Rather than taking a traditional approach, responsible climate adaptation requires an alternative approach that attempts to assess and manage the resiliency of the flooding system for long-term future change. The aim of this approach is to keep the system within a configuration of states that give at least acceptable functioning despite the occurrence of possible changes (Walker et al. 2002**). This means that the approach acknowledges that projections are ‘always wrong’ and that it is necessary to plan for a range of possible future conditions.

The authors’ modeling results suggest that adaptation decisions that include LEARNING about future climate parameters could reduce overall costs between 5 and 17% over a single high risk traditional, or “robust,” intervention. The figure below illustrates the concept.

(a) Adaptively resilient approach contrasted with (b) traditional "robust" approach

*Gersonius et al. 2010. Managing the flooding system’s resiliency to climate change. Proceedings of the Institution of Civil Engineers ES1: 15-22.

** Walker et al. 2002. Resilience management in social-ecological systems: A working hypothesis for a participatory approach. Conservation Ecology 6:14.

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When thoughts turn to the fall semester. I miss the students and the pace, however hectic, of the academic year. A few lines from the classic book, The Courage to Teach, (P.J. Palmer, 1998) seem appropriate. Perhaps some readers are getting ready for this too?

I am a teacher at heart, and there are moments in the classroom when I can hardly hold the joy. When my students and I discover uncharted territory to explore, when the pathway out of a thicket opens up before us, when our experience is illuminated by the lightening-life of the mind – then teaching is the finest work I know.

But at other moments, the classroom is so lifeless or painful or confused – and I am so powerless to do anything about it – that my claim to be a teacher seems a transparent sham. Then the enemy is everywhere: in those students from some alien planet, in that subject I thought I knew, and in the personal pathology that keeps me earning my living this way. What a fool was I to imagine that I had mastered this occult art – harder to divine than tea leaves and impossible for mortals to do even passably well! (pp. 1-2).  [snip]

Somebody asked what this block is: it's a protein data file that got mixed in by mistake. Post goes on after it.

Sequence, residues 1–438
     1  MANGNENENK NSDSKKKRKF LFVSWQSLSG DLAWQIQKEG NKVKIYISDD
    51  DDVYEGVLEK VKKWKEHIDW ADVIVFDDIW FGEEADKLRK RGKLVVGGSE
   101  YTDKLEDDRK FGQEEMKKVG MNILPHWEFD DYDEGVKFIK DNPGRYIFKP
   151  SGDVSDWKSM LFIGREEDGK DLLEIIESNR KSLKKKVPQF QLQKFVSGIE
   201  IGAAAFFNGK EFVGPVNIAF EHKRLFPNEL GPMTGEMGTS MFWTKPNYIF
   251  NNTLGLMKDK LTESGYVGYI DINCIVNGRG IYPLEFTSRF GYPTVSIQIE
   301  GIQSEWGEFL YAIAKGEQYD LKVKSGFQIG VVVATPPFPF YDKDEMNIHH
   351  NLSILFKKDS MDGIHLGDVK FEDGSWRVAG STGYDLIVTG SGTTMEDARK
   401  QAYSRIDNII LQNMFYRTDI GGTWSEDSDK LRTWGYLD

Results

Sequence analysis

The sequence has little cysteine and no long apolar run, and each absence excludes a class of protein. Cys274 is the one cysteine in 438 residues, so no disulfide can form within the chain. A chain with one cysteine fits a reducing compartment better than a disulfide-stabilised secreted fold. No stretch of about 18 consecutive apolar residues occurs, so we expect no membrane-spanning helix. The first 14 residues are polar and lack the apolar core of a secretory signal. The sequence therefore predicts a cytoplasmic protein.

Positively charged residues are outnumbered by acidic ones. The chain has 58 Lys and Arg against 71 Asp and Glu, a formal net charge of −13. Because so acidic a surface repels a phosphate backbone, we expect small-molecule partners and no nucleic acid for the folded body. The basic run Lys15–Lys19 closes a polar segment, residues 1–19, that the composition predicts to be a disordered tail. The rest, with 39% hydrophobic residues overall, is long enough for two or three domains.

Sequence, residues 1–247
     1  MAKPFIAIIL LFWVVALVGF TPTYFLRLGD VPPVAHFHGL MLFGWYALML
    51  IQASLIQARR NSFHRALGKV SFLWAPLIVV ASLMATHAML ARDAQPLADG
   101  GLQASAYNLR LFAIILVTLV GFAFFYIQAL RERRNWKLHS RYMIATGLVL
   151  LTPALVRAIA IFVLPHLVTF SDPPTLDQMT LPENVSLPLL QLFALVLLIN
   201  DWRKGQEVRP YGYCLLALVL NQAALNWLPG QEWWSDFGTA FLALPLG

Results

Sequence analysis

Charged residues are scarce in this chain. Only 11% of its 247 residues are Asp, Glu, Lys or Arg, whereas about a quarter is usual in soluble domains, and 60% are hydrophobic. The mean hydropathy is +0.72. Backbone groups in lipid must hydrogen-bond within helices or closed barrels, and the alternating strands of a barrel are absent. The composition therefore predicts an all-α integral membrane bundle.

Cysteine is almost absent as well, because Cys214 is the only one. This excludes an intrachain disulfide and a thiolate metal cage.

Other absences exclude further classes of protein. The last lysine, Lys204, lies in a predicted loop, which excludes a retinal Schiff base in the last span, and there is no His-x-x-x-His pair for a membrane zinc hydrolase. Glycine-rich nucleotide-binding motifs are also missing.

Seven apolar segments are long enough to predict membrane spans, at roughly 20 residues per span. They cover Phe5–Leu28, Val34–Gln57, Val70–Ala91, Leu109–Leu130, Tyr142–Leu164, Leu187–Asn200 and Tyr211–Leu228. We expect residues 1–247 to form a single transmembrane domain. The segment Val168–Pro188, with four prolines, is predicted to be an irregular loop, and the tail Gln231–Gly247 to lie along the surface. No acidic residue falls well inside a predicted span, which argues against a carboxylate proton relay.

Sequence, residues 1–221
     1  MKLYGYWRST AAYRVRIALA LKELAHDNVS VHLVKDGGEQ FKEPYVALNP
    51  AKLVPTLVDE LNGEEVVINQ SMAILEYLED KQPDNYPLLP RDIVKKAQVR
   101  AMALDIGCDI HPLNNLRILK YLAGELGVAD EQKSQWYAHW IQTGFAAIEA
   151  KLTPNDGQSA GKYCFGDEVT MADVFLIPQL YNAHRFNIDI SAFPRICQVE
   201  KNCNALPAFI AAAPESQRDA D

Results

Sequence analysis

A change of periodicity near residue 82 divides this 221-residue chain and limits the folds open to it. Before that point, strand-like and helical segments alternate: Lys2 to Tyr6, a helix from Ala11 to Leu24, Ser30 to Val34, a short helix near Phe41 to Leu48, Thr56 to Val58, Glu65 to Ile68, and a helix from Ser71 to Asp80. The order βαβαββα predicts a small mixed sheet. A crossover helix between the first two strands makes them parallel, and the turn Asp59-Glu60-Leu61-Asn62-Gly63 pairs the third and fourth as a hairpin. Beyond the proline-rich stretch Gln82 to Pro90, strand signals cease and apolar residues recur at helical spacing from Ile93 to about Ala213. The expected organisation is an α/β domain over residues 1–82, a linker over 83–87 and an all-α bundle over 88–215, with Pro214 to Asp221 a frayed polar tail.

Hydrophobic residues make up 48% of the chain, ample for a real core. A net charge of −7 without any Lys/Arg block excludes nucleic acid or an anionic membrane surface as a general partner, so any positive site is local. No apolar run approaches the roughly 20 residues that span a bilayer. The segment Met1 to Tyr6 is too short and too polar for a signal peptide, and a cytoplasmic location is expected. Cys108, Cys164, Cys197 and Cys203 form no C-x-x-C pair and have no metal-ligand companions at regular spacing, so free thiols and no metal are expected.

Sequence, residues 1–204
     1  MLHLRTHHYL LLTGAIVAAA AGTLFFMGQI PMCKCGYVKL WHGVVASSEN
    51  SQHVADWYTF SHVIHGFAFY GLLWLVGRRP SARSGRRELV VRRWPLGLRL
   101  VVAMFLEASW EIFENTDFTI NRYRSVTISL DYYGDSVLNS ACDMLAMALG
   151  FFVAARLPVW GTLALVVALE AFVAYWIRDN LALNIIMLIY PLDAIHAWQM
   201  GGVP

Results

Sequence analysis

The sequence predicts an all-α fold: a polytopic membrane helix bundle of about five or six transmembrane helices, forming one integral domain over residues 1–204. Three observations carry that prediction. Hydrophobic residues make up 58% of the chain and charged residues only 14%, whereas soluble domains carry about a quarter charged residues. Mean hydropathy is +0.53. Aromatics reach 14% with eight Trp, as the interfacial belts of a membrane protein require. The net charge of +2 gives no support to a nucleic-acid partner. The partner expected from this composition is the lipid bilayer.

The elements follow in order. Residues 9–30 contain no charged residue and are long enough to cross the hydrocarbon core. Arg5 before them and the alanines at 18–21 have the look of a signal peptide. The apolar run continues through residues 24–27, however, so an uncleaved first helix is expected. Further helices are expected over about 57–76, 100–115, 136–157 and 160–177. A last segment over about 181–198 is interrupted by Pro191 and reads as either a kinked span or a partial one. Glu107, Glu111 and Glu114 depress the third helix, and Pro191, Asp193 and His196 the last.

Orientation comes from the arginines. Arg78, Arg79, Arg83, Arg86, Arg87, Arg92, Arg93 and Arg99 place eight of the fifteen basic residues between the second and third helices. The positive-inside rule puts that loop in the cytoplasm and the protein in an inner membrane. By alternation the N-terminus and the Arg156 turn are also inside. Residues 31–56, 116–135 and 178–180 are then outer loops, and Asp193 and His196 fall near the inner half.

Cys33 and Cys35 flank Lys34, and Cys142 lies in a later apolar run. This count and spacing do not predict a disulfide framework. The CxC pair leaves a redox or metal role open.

After three decades of trying to learn my craft, every class comes down to this: my students and I, face to face, engaged in an ancient and exacting exchange called education. The techniques I have mastered do not disappear, but neither do they suffice. Face to face with my students, only one resource is at my immediate command: my identity, my selfhood, my sense of this “I” who teaches – without which I have no sense of the “Thou” who learns (p. 10).

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Kat West, head of the Multnomah County (Portland, OR) Office of Sustainability had a lot of sleepless nights as she considered the possibility of climate refugees inundating her region as the West and Midwest become increasingly drought-stricken. How can you plan for something that is so uncertain? What if a wave of refugees does become reality and you haven’t prepared at all?

As West helped draft the Climate Action Plan three years ago and pored over research on climate disruption, she found herself unable to sleep at night.

“Then I came to a place: I can try to make my community as resilient as possible. And that allowed me to sleep again.”

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Search online for “sprawl is dead” or “end of sprawl,” and, not surprisingly I think, you’ll find a lot of articles and blog posts (e.g., How History Killed the Suburb and Beyond the Requiem for Sprawl). The Great Recession has decimated sprawl for the foreseeable future according to a growing consensus. But talk to a group of die-hard sprawl warriors, and you’ll find them still engrossed in battle planning or, at a minimum, on guard for sprawl’s return. It’s understandable, I suppose, given the amount of passion that some people devoted to the anti-sprawl effort, but it is now time to redirect those passions. Dan Bertolet of the Citytank blog provides a handy list of “well-documented and intensifying megatrends” that suggest it’s reasonable to redirect energy.

And now there’s speculation that we’ve even reached “peak car use” in cities all across the developed world. Eric Jaffe of The Infrastructurist makes this argument yesterday, giving us 6 reasons why driving has peaked in the U.S. Can you wrap your head around that idea? It’s more amazing than the collapse of the homebuilding industry. I think these megatrends mean that we can stop railing against the bubble-fueled Growth Machine, which was a monstrous force, no doubt, and now focus on another set of forces that are also beyond our control – the ones listed in the Citytank and Infrastructurist blogs. These forces are much more in line with what planners and designers have been hoping for. Perhaps now is the time to act on those dreams, limited budgets notwithstanding.